To operate power supply apparatus 10, switch 70, which may be connected between follower 40 and the input terminal 44 of battery charger 16, is closed, which energizes battery charger 16. Prior to the closing of switch 70, capacitor 54 will be discharged, switching means 30 will be non-conductive, and normally open contacts 36 will be open. Closing switch 70 applies the output potential of battery charger 16 to terminals 24 and 26 of time delay means 20. Capacitor 54 will be charged to the output potential of battery charger 16, and a base drive voltage or signal will be applied to transistor 60 from voltage divider means 28. The current flow from the base to the emitter electrodes of transistor 60 will switch it to its saturated or conductive condition, with the resulting current flow from terminal 26 through the collector and emitter electrodes of transistor 60 providing base drive for transistor 62, switching it to its saturated or conductive state. Current will then flow through the electromagnetic coil 34 of control device 32, causing normally open contacts 36 to close, as actuated by a mechanical linkage indicated by dotted line 72. Inverter 14 will thus be energized, and it will supply energy to load circuit 12. Battery 18 will also be charged by battery charger 16.

Now, assume that battery charger 16 fails 'to provide an output potential. Asymmetrically conductive device 22 will be reverse biased, and the voltage appliedto terminal 24 will drop to zero. Terminal 26 will be energized by battery 18. Capacitor 54 will discharge through resistors 56 and 58, paralleled by diode 66 and the base to emitter electrodes of transistor 60, which maintains'transistor 60 in its conductive condition until the base drive provided by capacitor 54 is reduced to the point where transistor 60 drops out of saturation. The base drive applied to transistor 62 will, therefore, be gradually reduced, and the voltage applied to electromagnetic coil 34 will start to drop until the dropout point of coil 34 is reached. At this point, contacts 36 will open and disconnect inverter 14 from battery 18. If battery charger 16 again provides a potential before the dropout point of electromagnetic coil 34 is reached, capacitor 54 will be recharged, or reset, and base drive will be supplied to the transistors as hereinbefore described. Thus, inverter 14 will continue to operate when battery charger 16 fails to supply an output potential, for periods of time within the time delay period determined by time delay means 20. If the period of time which the battery charger fails to supply an output potential exceeds the timed period provided by time delay means 20, the battery will be pro- 6 tected against excessive drain by the opening of contacts 36.

The circuit of FIG. 1 may be modified to prevent reverse leakage current through diode 22 from charging capacitor 54, by connecting a resistor (not shown) from the anode electrode a of diode 22 to ground, which will drain the reverse leakage current. A diode (not shown) should then be connected in conductor 74, which is poled to prevent capacitor 54 from discharging through this leakage current resistor. A resistor (not shown) may also be connected in conductor 74 to limit the charging current of capacitor 54.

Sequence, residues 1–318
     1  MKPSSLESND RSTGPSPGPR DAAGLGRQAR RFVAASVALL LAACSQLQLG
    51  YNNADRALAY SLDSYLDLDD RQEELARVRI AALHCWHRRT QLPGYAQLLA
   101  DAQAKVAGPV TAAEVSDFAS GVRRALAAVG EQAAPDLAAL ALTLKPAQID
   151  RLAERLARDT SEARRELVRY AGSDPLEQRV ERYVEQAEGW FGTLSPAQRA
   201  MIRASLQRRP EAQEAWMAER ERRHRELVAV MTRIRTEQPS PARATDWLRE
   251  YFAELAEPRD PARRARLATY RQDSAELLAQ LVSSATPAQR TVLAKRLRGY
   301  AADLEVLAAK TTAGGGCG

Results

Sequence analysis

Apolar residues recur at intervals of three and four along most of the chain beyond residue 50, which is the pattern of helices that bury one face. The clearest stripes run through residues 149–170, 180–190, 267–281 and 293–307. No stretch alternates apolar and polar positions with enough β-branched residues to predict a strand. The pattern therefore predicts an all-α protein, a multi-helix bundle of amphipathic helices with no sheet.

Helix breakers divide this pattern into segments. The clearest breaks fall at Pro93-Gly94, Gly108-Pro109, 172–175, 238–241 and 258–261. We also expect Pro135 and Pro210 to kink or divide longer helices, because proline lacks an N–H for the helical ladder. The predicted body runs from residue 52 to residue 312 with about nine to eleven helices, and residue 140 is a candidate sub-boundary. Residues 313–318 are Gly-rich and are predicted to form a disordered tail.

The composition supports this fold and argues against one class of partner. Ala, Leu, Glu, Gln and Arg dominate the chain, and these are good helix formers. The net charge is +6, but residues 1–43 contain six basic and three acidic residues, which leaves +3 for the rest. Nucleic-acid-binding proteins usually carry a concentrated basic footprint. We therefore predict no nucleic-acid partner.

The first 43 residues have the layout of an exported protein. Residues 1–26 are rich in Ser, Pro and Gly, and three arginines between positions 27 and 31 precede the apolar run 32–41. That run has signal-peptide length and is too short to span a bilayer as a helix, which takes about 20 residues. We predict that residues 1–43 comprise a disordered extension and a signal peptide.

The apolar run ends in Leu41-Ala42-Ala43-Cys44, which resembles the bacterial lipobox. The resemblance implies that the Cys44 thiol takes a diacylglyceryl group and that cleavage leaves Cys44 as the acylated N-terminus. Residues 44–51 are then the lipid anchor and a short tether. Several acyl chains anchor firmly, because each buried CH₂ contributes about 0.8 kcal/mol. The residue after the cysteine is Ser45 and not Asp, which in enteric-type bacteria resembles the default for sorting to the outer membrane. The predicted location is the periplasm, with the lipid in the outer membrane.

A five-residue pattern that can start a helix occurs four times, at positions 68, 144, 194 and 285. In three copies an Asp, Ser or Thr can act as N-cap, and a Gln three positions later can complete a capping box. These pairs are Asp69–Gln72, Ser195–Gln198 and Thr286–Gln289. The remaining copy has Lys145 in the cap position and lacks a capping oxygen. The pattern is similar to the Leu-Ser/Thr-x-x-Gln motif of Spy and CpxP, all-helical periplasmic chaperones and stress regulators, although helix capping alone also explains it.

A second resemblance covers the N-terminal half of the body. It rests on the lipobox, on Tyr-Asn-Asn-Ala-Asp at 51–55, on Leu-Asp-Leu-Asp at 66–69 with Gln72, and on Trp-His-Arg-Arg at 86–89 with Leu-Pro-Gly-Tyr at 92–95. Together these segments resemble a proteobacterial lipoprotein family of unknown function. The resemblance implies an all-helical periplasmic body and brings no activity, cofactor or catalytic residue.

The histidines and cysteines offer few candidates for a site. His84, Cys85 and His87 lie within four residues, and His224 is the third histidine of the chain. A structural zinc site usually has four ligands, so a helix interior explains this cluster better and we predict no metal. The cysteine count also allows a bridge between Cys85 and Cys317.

If, during the timing period provided by time delay means 20, the output voltage of battery 18 should fall below a predetermined magnitude, the inverter may fault, if it is of the static type, which would place a short circuit across battery 18. This condition is undesirable, and the inverter should be disconnected from battery 18 when the battery voltage drops to near the faulting point of the inverter, regardless of the time left in the normal time delay function.

Time delay means 20 may be modified to sense the output voltage of battery 18, to determine when the output voltage drops to a predetermined magnitude, and to deenergize control mans 32 when this magnitude is reached. This modification of time delay means 20 to include low voltage recognition means 51, is shown in FIG. 2, with the modified time delay means being reference 20, and with like components in FIGS. 1 and 2 being given like reference numerals.

More specifically, the low voltage recognition feature, shown in FIG. 2, requires the addition of two static switching devices, each having a control electrode and first and second main electrodes, such as NPN junction type transistors and 82, each having base, collector and emitter electrodes b, c and 6, respectively. The collector electrode a of transistor 80 is connected to terminal 26 through resistor 90, its emitter electrode e is connected to ground 50', and its base electrode b is connected to terminal 26 through Zener diode 84 and resistor 88. Zener diode 84 is poled to block current flow into the base electrode b of transistor 80 until the voltage applied to terminal 26 exceeds a predetermined value. Resistor 88 limits current flow through Zener diode 84. The base electrode b of transistor 82 is connected to the collector electrode 0 of transistor 80, its collector electrode 0 is connected to the base electrode b of transistor 62, and its emitter electrode e is connected to ground 50. A resistor 86 is also connected between the collector electrode 0 of transistor 60 anud terminal 26. Resistor 86 prevents shorting the voltage applied to terminal 26 to ground 50 through transistors 60 and 82, when both are in their conductive state at the same time.